Well, if you’re using a notes app such as Evernote or OneNote, you have a web clipper that will save the article to your notes app. This is a fantastic feature full of inherent dangers similar to a “to read” folder in email. You’re going to clip a lot of articles you never read. 

The problem here is your notes app quickly becomes overwhelmed with a lot of stuff. There is also the problem with these articles disappearing under a lot of other notes you are collecting each day. Plus, there is no filter. 

What I mean by there being no “filter” is we dump these articles into our notes app, some of you may process them and save them into a “to read” folder and then never have the time to go into that folder. Soon, you will have hundreds of unread articles. The question is: when will you sit down and read them? The reality for most people is, never. We are just too busy. 

So what can you do here? 

My advice is to use a read later service such as Instapaper or Pocket. These services are designed to save articles you want to read in a simple text-based format (fewer distractions). This is great because there’s no rush to read these articles and it gives you an opportunity to filter the articles first. If you like what you read, you can then save the article into your notes app for reference later. 

I’ve been using Instapaper for years and before I shut down for the day, I usually give myself twenty to thirty minutes to read through my articles. I have it set up so the oldest article is at the top, which makes sure no article goes unread for very long.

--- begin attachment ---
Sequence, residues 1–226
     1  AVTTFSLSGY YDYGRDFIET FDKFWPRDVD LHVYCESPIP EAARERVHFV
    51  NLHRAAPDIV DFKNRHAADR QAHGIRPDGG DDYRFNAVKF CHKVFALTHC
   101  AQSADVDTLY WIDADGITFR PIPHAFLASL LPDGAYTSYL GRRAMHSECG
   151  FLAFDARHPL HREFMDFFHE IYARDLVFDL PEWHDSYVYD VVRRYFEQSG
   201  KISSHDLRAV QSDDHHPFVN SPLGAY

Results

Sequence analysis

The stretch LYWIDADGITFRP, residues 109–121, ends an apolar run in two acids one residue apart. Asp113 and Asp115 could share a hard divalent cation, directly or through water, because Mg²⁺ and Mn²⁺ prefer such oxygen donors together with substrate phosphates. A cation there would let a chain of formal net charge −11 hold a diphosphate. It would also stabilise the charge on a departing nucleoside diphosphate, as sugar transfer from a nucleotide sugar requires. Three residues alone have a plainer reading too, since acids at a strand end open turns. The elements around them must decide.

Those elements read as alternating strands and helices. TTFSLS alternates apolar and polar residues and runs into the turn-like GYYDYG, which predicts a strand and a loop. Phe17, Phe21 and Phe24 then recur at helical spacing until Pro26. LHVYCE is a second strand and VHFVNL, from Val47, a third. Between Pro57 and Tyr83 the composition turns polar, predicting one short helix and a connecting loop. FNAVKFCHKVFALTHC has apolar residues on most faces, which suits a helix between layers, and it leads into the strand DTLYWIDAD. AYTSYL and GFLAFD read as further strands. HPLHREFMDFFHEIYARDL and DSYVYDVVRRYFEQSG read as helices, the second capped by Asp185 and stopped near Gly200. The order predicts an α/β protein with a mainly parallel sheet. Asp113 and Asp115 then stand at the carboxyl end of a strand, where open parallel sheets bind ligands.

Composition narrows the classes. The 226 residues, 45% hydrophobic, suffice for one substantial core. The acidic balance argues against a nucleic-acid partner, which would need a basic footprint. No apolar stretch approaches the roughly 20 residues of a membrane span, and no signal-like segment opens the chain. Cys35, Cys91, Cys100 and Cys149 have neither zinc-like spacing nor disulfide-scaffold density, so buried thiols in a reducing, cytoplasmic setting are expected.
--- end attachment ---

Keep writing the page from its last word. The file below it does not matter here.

And this is the trick. To keep on top of these, you want to be setting aside twenty to thirty minutes each day for reading. This way, these services are never likely to become overwhelming. Perhaps you like to read in the morning, if so, make reading through these articles part of your morning routines. Or, like me, you like to end the day reading. Whichever way you do it, a small amount of time dedicated to reading through your collected articles will help you to say on top of them. 

Next up, what about videos you want to watch. 

The issue here is they can be difficult to discover. Some may be sent to you via a newsletter—one of my top newsletters is Tom Bilyeu's Impact Theory newsletter. In this newsletter, I get to see who Tom has been interviewing this week. I can then decide if that is something I would want to watch. If so, I open the video and save it in my watch later list. 

I do the same with YouTube channels I subscribe to. I review these every few days and if there is anything I want to watch, I click “add the watch later”.